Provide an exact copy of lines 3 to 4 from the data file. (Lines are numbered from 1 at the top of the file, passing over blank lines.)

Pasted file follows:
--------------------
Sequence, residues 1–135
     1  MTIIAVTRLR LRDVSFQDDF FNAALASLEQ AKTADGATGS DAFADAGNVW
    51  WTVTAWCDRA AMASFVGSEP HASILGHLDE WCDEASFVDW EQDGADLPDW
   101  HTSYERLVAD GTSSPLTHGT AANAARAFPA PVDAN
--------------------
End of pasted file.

    51  WTVTAWCDRA AMASFVGSEP HASILGHLDE WCDEASFVDW EQDGADLPDW
   101  HTSYERLVAD GTSSPLTHGT AANAARAFPA PVDAN